But now, in these times, that women are economically empowered, why do we still have this custom in practice? Girls now acquire as much education as well as boys and can be (and are) just as financially independent. Like a worn-out rag, such a tradition is of no more effect and ought to have been put away. But it still exists. And when a method exists outside of its original purpose, it is inevitable that it does so to serve other shady and abusive purposes. It cannot be good.
The custom of dowry exists now only to serve the purpose of chivalry; a phenomenon that rests firmly on the (ungodly) notion that females are ontologically inferior to males. I will come back to this shortly.
There are also some cultures, like that of the Caucasian man in the narrative above, where there are no exchanges of price, but there is a giving away. Again, it is not the man and the woman being given away by their families, but only the woman. Yet again, the imbalance remains, the woman is a creature that has no agency. No power. He may come and go as he wishes, but she has to be given away. She has to be ALLOWED.
Only one is ‘valued’. Only one is given away. Therein is the advent of disequilibrium and imbalance in the marital relationship. When only one is valued, or one is valued more than the other, there will be problems.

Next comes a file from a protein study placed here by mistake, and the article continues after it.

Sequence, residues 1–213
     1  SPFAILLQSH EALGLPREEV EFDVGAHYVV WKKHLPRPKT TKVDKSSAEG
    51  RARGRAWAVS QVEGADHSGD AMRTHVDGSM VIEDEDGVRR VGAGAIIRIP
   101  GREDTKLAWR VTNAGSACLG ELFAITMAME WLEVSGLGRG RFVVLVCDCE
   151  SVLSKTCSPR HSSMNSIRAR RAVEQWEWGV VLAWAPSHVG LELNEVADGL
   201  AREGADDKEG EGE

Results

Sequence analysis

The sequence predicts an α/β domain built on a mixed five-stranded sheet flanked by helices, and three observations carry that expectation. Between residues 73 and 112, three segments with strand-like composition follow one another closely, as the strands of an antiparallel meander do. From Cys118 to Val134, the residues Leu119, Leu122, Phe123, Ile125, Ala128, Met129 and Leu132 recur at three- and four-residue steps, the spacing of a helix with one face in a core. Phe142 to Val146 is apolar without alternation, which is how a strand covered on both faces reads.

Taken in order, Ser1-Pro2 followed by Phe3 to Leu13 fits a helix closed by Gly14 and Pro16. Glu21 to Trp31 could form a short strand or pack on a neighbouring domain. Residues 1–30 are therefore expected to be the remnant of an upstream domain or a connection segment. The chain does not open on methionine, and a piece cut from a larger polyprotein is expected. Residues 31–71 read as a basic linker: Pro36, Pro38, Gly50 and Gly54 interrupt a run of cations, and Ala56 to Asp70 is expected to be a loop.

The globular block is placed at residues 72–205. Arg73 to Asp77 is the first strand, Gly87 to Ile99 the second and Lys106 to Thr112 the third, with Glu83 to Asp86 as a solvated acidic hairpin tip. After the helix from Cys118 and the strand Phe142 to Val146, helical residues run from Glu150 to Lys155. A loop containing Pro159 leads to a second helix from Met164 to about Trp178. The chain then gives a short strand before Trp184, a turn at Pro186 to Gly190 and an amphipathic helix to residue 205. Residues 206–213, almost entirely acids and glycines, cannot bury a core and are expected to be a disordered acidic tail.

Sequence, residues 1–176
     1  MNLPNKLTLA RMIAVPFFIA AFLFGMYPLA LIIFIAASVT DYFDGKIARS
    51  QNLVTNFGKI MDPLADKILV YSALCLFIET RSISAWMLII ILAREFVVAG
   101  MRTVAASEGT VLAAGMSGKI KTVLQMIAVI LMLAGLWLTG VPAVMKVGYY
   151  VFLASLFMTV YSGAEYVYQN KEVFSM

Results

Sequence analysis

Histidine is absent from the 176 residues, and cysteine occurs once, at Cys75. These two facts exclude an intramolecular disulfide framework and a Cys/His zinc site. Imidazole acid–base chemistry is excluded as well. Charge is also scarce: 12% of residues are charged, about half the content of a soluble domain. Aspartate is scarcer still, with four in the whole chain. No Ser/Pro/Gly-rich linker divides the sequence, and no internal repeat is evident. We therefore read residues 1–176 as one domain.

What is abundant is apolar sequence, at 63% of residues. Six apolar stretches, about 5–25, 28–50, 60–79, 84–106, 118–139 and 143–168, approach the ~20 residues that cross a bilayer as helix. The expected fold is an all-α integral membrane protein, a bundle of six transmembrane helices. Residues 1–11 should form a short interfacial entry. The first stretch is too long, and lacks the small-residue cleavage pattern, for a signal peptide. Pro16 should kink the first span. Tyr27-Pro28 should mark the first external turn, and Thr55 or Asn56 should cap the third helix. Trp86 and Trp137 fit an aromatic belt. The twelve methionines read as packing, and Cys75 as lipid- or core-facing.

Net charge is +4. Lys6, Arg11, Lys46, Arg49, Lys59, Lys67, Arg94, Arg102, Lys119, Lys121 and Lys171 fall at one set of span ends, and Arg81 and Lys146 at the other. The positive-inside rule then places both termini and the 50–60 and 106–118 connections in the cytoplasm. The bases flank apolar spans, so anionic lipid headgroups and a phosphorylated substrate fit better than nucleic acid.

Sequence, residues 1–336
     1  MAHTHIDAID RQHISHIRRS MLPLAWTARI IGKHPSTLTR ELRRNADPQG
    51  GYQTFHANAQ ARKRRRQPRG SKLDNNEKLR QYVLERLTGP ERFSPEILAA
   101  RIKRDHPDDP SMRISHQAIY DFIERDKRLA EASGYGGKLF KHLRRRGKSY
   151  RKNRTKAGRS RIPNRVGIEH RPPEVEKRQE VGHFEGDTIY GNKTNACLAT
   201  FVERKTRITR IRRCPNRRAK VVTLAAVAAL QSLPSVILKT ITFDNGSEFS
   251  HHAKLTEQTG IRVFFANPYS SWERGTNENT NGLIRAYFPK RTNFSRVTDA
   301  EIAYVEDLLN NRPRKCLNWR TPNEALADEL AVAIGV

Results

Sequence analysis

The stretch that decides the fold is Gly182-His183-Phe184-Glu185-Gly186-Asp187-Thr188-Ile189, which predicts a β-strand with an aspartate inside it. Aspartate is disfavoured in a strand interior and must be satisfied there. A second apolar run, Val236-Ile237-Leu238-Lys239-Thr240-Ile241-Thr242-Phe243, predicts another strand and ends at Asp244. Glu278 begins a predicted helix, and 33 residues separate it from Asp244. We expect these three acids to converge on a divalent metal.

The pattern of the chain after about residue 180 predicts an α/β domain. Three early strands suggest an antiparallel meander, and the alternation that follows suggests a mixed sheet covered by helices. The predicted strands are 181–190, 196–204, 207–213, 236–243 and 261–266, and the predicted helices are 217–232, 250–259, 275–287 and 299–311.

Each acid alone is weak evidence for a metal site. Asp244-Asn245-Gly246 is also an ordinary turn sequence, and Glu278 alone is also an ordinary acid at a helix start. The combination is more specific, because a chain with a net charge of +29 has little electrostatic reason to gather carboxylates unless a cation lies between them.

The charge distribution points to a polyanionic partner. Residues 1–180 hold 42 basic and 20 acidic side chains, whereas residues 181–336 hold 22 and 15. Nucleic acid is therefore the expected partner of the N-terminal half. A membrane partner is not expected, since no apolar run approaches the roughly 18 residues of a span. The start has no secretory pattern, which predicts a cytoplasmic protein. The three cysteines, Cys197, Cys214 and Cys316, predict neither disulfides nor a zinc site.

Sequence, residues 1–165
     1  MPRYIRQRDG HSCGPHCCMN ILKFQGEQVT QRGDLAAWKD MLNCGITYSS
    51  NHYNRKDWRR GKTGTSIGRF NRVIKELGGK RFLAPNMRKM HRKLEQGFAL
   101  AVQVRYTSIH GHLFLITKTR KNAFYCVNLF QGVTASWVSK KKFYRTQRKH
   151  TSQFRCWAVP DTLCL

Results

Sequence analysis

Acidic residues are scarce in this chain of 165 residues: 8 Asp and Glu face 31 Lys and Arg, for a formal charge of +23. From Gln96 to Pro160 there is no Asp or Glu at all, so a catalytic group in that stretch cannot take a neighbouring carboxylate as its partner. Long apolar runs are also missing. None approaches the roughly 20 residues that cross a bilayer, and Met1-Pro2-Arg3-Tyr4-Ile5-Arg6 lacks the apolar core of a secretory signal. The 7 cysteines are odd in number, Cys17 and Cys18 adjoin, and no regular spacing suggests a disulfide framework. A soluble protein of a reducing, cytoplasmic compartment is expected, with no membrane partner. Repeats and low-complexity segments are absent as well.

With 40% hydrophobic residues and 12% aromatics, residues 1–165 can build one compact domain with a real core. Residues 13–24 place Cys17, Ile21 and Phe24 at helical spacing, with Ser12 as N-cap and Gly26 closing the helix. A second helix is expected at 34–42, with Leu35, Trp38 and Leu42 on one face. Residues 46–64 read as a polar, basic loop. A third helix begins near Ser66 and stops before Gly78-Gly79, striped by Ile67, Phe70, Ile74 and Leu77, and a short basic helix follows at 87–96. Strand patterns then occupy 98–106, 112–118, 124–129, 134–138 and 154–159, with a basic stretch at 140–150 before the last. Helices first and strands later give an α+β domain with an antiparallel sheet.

Another thought is, what sort of value is this being ascribed to the woman that the man does not also possess? Such value that he is the hunter and she the hunted? He the taker and she the taken? Women often enjoy the privileges of chivalry, but I doubt they stop to ask questions about the true price of these so-called privileges. If… he hunts you down, takes you, pays for you, you are given to him by your father, then…he owns you. That’s it. Beware of so-called charities and privileges. They end up becoming a rottenness in your bones. They ensnare you.
The truth is, in chivalry, the value being ascribed to the woman is not one of honour and high esteem, but of condescension. Benevolent condescension in the best circumstances, while in the worst circumstances it is cruel condescension. It is because the female is perceived to be a weak, fragile thing that she is also paraded as the one to be ‘cherished and treasured’. On the surface it sounds endearing to be called fragile, but I dare say, it is a trap.
The assumption of female fragility gives birth to other baggage that are back of the oppression that women suffer today in the hands of men. It is why a woman is said to need to be taken care of by another one (the man) and needs to be owned. She cannot own herself, because if she were allowed such autonomy, she would, like a child, make a mess of it all. That is why we hear adult women ask silly questions like, ‘I want to buy a piece of property as an investment, should it be in my name or my husband’s name?”